NAACP blames tax audit on criticism of Bush


The Internal Revenue Service is auditing the NAACP, scrutinizing the nation's oldest civil rights group after its chairman gave a stinging criticism of the Bush administration in a speech this summer.

Julian Bond's July 11 comments at the National Association for the Advancement of Colored People's convention in Philadelphia chastised President Bush for being the first sitting president since Herbert Hoover not to address the group.

Bush declined the group's invitation to speak, while Democratic candidate Sen. John Kerry accepted.

In a letter dated Oct. 8, the IRS Tax Exempt and Government Division informed the NAACP's national office in Baltimore of the investigation.

The letter said the probe was limited to " ... whether or not your organization has intervened in a political campaign. ... "

Bond said yesterday that the audit was "an attempt to silence the NAACP" right before a tight presidential election.

"They are saying if you criticize the president we are going to take your tax exemption away from you," he said. "It's pretty obvious that the complainant was someone who doesn't believe George Bush should be criticized, and it's obvious of their response that the IRS believes this, too."

In a statement, IRS Commissioner Mark W. Everson said the agency could not comment on activities involving specific tax-exempt organizations, but he rejected Bond's claims.

"Any suggestion that the IRS has tilted its audit activities for political purposes is repugnant and groundless," the statement said.

The IRS letter states that Bond's speech "condemned the administration policies of George W. Bush on education, the economy and the war in Iraq."

The letter goes on to note that the NAACP's 501(c)(3) tax-exempt status prohibits "directly or indirectly participating or intervening in any political campaign on behalf of, or in opposition to, any candidate for public office."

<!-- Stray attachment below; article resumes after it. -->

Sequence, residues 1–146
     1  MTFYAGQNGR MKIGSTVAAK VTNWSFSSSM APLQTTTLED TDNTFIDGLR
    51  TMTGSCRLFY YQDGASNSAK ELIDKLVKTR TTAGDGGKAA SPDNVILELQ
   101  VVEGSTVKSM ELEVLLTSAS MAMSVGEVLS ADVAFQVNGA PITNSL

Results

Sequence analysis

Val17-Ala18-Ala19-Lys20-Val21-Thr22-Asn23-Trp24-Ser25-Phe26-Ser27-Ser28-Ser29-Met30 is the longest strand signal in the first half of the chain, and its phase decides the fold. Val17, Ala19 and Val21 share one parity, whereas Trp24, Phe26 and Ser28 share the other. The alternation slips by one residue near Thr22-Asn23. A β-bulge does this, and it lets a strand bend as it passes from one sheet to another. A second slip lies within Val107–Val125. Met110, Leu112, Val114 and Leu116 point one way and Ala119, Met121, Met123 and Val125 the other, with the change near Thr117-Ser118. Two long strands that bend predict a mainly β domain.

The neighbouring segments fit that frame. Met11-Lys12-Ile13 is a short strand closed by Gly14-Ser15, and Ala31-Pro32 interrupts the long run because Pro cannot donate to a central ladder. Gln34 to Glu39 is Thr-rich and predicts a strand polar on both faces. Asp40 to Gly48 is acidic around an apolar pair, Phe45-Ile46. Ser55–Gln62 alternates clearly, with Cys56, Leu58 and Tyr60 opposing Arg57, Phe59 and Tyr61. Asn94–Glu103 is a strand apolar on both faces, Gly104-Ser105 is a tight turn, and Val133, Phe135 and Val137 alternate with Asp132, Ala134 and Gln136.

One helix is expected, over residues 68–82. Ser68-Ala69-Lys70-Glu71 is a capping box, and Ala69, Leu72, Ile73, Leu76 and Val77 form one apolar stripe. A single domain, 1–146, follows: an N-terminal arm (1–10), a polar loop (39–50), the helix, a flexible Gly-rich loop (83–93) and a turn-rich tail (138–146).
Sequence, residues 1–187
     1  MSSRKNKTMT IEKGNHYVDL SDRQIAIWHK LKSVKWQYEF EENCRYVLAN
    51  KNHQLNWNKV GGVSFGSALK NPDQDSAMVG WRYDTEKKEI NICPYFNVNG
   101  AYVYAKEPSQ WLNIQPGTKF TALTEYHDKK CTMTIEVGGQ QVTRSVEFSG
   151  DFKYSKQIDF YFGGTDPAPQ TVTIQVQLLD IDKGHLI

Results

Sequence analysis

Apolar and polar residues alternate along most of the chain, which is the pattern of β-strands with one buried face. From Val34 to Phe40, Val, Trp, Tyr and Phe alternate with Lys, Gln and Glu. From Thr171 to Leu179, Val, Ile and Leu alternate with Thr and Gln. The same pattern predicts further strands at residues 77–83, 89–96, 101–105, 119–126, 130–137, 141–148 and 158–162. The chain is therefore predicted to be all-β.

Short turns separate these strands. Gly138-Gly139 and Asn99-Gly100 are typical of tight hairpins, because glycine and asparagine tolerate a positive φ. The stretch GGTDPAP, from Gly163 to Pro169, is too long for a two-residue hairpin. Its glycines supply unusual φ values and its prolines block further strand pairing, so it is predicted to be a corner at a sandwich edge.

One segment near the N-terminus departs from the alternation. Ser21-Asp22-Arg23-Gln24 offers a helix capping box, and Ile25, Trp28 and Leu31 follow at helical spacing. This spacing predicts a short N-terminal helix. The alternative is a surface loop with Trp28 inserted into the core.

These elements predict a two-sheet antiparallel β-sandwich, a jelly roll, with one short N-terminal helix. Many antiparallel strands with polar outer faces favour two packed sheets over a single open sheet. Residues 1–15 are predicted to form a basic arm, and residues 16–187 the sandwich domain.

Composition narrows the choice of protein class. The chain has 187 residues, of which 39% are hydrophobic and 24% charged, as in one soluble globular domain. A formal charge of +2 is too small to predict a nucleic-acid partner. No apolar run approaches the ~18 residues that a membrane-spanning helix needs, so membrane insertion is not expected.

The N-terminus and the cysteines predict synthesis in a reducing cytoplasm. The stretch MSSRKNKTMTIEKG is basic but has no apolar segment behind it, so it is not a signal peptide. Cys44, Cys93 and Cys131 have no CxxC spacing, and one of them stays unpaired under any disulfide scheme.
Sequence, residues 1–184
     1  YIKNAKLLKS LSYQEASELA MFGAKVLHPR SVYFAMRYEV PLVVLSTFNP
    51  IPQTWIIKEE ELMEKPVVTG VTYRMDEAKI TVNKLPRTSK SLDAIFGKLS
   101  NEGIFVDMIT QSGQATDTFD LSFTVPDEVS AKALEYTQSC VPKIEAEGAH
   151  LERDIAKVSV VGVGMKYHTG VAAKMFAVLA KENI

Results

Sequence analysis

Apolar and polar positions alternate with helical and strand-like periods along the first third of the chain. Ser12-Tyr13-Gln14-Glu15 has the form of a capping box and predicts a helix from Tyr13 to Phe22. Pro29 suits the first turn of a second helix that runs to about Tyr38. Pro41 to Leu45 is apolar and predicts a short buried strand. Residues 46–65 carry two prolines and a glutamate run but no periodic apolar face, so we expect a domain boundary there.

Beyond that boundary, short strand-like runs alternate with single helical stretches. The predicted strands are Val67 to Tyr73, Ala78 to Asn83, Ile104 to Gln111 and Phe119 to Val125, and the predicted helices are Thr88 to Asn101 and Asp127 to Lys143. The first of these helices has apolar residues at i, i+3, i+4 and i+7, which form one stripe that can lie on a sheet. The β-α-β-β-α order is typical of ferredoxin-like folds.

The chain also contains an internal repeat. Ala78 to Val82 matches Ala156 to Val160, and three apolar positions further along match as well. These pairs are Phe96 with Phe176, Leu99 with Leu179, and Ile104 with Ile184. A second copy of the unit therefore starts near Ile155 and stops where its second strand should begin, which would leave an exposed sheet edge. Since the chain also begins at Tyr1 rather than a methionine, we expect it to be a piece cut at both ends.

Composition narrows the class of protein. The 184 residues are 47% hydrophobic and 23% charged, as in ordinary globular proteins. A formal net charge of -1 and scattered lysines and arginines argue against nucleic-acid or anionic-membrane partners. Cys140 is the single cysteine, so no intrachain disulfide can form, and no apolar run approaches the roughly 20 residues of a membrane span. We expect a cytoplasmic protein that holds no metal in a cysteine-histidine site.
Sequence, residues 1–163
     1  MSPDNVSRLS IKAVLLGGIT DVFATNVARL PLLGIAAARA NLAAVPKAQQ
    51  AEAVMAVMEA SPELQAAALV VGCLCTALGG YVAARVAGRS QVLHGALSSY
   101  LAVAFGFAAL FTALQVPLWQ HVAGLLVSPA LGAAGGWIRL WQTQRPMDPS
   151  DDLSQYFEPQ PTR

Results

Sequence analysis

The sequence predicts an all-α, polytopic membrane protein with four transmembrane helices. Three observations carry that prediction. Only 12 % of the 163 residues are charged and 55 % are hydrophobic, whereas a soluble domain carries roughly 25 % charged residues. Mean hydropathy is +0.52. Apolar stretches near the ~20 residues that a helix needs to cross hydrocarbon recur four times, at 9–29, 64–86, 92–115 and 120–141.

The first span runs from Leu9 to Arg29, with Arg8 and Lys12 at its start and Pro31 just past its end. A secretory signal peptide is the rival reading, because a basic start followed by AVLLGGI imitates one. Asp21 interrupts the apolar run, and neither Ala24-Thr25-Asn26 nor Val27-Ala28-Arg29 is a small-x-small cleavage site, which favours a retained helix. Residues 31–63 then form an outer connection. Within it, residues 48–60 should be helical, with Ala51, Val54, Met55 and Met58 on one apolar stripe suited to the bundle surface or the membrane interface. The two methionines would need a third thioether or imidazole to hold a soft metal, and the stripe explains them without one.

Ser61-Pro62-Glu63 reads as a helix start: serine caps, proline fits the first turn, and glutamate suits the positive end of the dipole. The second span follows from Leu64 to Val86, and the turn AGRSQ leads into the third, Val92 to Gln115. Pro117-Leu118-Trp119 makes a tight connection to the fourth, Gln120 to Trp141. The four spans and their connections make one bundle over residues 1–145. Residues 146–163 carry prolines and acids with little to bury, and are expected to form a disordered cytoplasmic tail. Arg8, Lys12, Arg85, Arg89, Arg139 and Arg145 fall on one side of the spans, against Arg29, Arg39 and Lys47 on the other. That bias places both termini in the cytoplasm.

Tool of both parties

Bruce Payne, a lecturer in public policy at Duke University, said administrations, both Democratic and Republican, have used the IRS to harass political opponents.

"Nixon had his enemies list, and their tax returns were scrutinized and more likely to be audited," he said.

Other organizations have come under IRS scrutiny recently. Last year, the IRS audited the National Education Association, after a conservative law firm filed complaints with the IRS that the nation's largest teachers union evaded taxes.

David Bositis, senior research analyst at the Joint Center for Political and Economic Studies, said such complaints have become more common this election year, from both conservative and liberal groups.

"There have been a lot of charges thrown around this year of tax-exempt organizations engaging in political activity," he said. "It's sort of a fact of life in this political year."

History of criticism

Still, the NAACP has a long history of criticizing presidents regardless of their party, Payne said.

"No one should be surprised that a civil rights organization is involved in political criticism," he said.

Bond said yesterday that he stands behind his remarks and that the organization would fight the IRS charges with an army of attorneys. The NAACP was supposed to reply today, but it received an extension from the IRS and has until Nov. 5 to respond to the audit.

"The allegation is that I criticized the president, and I plead guilty to that allegation," Bond said. "I cannot understand why criticism is confused with partisanship."

Still, NAACP delegates at the convention were clearly a partisan crowd, many of whom jostled for autographs from Kerry when he addressed the group.

Political observers say the high regard for Kerry is not uncommon among NAACP members, given that African-Americans overwhelmingly vote Democratic.

Yet NAACP critics have complained that the organization has become a mouthpiece of the Democratic Party and echoed those claims yesterday after learning about the IRS review.

'Dancing on fine line'

"You can be critical of the president, but when you criticize the party and intertwine it with voting ... as a nonprofit you are dancing on a fine line, and it appears they are dancing over it on a regular basis," said David Almasi, a spokesman for Project 21, a leadership group of black conservatives.

Bositis said he thinks the audit will only solidify the NAACP's constituency.

"On a political level, this is on some degree a compliment," he said. "It's because the NAACP has been so effective that there are people in the Bush administration that would like to take them out."

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